It seems to me that whenever a coach of a collegiate or professional sports team is fired, the reason provided is that the general manager or athletic director "doesn't like the direction the program is going." "It's now time to take the program in a new direction" is the rallying cry for a web site devoted to promoting the firing of Oregon State head football coach Mike Riley and seems to be the sole criterion used to defend the firing or hiring of head coaches.
Based on the direction in which the tobacco control program is going in this country, I think it may be time for some new coaching.
Here's how I rate the program's national leadership:
The national agenda, largely set by the direction the Campaign for Tobacco-Free Kids is trying to take the program, is obsessively focused on the attempt to achieve federal regulation of tobacco products. It is a focus that is seemingly ignorant of the long history of dismal failures of federal tobacco policymaking, including the disastrous Federal Cigarette Labeling and Advertising Act of 1970, the equally disastrous Master Settlement Agreement, and what came close to being the catastrophic global tobacco bailout of 1998.
In order to achieve Philip Morris' support for federal regulation, which is apparently seen as necessary to enact this legislation, the health groups have had to accept compromises that have resulted in truck-size loopholes in the legislation which would provide unprecedented special protections for the tobacco companies, especially for the industry leader. The major health groups are now standing shoulder to shoulder with Philip Morris promoting this legislation, but at the same time, attacking Philip Morris for demanding special protections and for making campaign contributions to try to promote enactment of this bill which will "protect children" and "save lives." It has become a hypocrisy-laden circus and would certainly be the priority for the new coaching staff to straighten out.
At the same time, the national tobacco control program, again largely under the direction of the Campaign for Tobacco-Free Kids, seems to have become obsessed with increasing cigarette taxes to support virtually any government program under the sun. I view these taxes as discriminatory policies that serve to balance the state budgets on the backs of smokers, and what they are essentially doing is avoiding the more politically difficult decision to increase taxes on the wealthiest citizens and corporations in order to provide funds that the government should already be devoting to essential services. In addition, from a strategic viewpoint, the enactment of these taxes is making state governments dependent on tobacco consumption for essential services and is therefore removing any incentive to enact tobacco policies that will reduce cigarette use. Finally, the over-promotion of these taxes is making it difficult to promote what I think is perhaps the most important tobacco control intervention - the use of cigarette taxes to directly benefit smokers, through support for disease treatment, smoking cessation, and prevention.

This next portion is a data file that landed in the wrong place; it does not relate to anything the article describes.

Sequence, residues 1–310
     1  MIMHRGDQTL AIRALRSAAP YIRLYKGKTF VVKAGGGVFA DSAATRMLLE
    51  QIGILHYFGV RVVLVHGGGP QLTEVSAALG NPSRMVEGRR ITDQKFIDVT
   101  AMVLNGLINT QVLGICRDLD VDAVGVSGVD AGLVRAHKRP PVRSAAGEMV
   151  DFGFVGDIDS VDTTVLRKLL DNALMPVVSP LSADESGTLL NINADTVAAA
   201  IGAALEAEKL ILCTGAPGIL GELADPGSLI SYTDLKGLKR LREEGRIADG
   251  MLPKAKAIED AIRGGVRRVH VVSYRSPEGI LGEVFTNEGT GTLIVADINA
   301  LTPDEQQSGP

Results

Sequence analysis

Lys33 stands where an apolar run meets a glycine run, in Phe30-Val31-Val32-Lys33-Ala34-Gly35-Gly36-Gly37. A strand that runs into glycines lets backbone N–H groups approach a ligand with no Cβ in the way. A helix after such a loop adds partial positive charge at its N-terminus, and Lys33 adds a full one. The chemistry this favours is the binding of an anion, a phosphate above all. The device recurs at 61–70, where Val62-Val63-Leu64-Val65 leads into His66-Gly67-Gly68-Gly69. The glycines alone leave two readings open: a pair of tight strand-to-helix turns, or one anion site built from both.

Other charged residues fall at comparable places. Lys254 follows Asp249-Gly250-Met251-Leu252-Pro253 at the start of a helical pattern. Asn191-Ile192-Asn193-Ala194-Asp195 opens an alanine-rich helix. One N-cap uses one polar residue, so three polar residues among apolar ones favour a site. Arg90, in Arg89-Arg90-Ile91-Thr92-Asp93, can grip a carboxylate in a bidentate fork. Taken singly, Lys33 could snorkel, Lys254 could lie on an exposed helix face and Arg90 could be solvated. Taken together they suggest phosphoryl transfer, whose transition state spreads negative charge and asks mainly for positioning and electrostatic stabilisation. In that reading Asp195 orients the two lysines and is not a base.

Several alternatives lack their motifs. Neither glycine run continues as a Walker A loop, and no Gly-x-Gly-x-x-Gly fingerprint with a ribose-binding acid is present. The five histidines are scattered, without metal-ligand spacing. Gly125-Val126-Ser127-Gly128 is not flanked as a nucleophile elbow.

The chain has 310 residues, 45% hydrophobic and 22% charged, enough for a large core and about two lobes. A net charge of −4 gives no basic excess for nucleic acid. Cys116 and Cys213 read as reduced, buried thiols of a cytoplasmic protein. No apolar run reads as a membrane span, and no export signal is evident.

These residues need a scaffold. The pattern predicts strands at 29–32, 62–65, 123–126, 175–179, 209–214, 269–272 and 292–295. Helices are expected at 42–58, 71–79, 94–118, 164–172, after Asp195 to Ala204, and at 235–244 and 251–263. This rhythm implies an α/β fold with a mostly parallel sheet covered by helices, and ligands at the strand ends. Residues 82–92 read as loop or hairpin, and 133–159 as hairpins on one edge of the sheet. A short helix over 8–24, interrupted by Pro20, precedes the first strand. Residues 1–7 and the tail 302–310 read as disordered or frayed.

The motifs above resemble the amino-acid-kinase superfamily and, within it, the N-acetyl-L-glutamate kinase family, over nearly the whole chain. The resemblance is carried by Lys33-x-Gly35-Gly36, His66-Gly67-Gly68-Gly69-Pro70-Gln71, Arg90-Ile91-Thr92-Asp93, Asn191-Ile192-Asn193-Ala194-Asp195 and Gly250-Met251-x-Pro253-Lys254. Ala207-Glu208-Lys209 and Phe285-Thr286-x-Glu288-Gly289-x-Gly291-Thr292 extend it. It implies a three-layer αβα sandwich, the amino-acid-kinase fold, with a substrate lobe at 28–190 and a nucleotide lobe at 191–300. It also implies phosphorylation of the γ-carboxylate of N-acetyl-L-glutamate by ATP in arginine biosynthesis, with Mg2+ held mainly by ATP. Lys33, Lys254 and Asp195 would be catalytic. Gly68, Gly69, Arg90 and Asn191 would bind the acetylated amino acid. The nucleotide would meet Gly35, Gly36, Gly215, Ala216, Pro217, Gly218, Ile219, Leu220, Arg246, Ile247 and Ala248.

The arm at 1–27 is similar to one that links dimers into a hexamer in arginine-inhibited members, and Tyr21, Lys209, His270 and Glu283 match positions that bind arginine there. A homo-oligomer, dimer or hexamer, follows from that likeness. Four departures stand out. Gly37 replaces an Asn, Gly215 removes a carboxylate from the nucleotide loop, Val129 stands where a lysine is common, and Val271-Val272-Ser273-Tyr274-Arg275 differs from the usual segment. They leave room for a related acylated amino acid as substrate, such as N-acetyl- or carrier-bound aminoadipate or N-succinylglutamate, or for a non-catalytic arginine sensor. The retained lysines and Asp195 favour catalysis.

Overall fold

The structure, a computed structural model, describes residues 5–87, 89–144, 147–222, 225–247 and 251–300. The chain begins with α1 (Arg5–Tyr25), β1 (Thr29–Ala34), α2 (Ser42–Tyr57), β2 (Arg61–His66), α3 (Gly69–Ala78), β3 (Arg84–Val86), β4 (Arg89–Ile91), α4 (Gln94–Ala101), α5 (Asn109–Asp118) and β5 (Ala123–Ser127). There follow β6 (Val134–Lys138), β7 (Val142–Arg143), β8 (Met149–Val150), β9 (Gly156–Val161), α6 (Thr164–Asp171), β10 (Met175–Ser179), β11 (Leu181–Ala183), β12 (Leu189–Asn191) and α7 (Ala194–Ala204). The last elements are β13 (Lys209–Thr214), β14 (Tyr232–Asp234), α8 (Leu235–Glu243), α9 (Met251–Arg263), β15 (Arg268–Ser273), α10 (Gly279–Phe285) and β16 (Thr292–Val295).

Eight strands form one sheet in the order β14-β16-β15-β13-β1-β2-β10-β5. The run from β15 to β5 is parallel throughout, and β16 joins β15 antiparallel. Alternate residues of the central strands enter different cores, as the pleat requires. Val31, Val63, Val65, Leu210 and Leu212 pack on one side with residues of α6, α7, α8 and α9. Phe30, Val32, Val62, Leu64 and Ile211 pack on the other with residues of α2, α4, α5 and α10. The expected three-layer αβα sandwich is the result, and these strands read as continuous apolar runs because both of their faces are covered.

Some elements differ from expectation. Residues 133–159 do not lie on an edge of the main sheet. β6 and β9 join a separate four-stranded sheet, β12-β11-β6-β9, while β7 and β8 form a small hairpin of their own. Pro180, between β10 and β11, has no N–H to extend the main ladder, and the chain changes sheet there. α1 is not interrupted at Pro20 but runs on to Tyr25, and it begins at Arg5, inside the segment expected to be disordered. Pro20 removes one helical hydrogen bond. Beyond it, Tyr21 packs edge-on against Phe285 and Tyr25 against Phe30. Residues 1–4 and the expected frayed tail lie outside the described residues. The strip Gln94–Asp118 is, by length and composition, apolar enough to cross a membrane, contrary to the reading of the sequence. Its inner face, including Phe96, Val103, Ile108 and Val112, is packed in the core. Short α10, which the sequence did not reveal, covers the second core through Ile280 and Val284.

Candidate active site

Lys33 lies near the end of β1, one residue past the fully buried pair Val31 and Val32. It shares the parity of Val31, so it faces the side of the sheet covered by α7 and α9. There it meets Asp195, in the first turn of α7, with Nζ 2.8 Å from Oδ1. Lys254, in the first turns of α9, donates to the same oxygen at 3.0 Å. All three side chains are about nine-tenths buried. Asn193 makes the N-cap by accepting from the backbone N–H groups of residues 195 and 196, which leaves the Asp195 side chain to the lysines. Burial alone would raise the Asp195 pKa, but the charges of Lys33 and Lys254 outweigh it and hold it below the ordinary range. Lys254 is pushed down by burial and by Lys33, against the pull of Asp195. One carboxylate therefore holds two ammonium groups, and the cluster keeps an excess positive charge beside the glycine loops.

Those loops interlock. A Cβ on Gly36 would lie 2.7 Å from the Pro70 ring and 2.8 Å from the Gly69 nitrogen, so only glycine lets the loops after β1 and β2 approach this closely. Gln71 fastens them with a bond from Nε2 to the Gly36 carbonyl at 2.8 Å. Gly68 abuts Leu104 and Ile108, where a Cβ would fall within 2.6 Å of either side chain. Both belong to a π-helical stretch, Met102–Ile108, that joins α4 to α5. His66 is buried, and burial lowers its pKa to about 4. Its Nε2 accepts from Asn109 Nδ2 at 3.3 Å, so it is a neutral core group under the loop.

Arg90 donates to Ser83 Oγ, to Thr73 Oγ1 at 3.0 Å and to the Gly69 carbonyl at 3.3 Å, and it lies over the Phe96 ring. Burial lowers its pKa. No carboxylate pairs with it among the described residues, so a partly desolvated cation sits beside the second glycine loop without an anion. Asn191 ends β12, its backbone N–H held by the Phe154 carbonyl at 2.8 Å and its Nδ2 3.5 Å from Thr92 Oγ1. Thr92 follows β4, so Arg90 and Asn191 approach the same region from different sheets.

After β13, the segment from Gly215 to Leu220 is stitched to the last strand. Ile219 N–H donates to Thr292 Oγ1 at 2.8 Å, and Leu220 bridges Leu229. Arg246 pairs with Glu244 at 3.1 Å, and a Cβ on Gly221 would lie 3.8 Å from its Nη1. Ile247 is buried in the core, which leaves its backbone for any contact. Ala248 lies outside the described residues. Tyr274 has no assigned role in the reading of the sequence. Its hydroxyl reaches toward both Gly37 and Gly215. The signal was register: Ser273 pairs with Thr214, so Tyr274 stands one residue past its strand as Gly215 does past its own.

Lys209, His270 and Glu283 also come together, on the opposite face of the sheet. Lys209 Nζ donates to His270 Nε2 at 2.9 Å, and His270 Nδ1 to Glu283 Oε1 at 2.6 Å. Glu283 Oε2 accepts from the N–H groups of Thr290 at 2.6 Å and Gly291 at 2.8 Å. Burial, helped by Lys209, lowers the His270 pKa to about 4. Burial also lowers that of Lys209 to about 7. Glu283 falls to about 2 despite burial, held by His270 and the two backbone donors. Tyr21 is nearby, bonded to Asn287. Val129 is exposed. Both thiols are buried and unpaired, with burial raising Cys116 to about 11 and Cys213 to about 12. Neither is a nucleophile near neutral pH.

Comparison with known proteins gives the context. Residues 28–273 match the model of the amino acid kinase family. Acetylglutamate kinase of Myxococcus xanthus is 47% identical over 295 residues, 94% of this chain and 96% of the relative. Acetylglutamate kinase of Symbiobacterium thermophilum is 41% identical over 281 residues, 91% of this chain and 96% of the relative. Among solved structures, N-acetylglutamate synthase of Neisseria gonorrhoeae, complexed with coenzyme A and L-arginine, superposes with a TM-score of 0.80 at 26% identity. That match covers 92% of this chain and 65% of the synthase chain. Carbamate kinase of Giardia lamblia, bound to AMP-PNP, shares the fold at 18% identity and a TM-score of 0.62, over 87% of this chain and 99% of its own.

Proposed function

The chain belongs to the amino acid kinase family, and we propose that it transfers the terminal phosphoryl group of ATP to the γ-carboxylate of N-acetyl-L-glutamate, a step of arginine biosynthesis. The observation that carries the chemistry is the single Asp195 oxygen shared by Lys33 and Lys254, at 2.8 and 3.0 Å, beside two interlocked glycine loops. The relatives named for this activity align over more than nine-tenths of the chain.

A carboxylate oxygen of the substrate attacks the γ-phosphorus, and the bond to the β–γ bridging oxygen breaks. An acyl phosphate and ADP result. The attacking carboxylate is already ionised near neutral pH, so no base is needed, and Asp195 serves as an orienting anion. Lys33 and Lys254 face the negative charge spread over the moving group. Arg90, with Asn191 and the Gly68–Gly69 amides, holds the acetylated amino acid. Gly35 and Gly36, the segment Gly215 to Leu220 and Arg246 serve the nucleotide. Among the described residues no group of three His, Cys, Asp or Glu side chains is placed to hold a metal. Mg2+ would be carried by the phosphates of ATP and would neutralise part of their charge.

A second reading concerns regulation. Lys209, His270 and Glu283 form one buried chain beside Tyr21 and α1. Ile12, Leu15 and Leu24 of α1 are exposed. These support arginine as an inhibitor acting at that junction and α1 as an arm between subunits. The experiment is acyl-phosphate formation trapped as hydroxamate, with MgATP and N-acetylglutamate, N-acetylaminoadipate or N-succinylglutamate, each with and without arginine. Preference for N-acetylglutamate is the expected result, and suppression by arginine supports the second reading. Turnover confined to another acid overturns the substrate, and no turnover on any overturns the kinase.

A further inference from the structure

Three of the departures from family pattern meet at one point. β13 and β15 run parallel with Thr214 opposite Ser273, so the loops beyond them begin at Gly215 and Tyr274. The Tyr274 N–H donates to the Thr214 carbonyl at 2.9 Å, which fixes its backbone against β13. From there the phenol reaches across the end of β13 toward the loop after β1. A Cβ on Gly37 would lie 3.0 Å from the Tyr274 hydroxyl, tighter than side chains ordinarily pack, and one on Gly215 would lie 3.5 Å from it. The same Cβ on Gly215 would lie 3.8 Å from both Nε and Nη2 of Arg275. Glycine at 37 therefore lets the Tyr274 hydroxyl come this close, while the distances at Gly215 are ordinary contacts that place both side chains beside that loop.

Another problem with the agenda is the focus on penalizing, stigmatizing, and discriminating against smokers in order to try to change their behavior. This is seen most notably by efforts to promote or support employment policies by which smokers are fired from their jobs, assessed "health impact fees," or precluded from employment in the first place. While the national tobacco control leadership is ostensibly not to blame, their silence in the face of these discriminatory actions which are attempting to make smokers second-class citizens, unable to obtain employment, is I think enabling this aspect of the agenda.
Finally, the increasing trend of banning smoking in open, non-enclosed outdoors areas where people can move freely about is troubling, since there is no solid scientific evidence I am aware of which suggests that this is causing substantial morbidity. If anything, I think these efforts are going to undermine legitimate efforts to promote smoke-free workplaces by creating a backlash and by exposing the lack of a public health justification for anti-smoking groups' efforts. Not every national tobacco control group is promoting these measures, but Americans for Nonsmokers' Rights appears to be playing a significant role.
It's difficult not to give failing marks to a national tobacco control leadership that is using a campaign of deception to promote a piece of legislation that is Philip Morris' dream, that misled its constituents into thinking that Big Tobacco wholeheartedly supported the FDA legislation, that misled the public into thinking that Associate Attorney General Robert McCallum, who represented the government in the DOJ tobacco lawsuit, previously represented R.J. Reynolds in litigation, and which is giving awards and providing corporate partnerships to companies that are the leading causes of youth exposure to cigarette advertising and movie portrayals of cigarette smoking.
In addition, I don't like the direction the program is going in terms of its attacks on individuals and organizations, especially the undocumented claims that a number of groups which oppose tobacco control measures are tobacco industry front groups. This is seen most notably in the Americans for Nonsmokers' Rights hit list-like catalog of Big Tobacco front groups and allies, some of which ANR itself admits have no documented funding from any tobacco company.
No - I don't like the direction this program is going, and I think it may be time for a coaching change. Charlie Weis - are you available?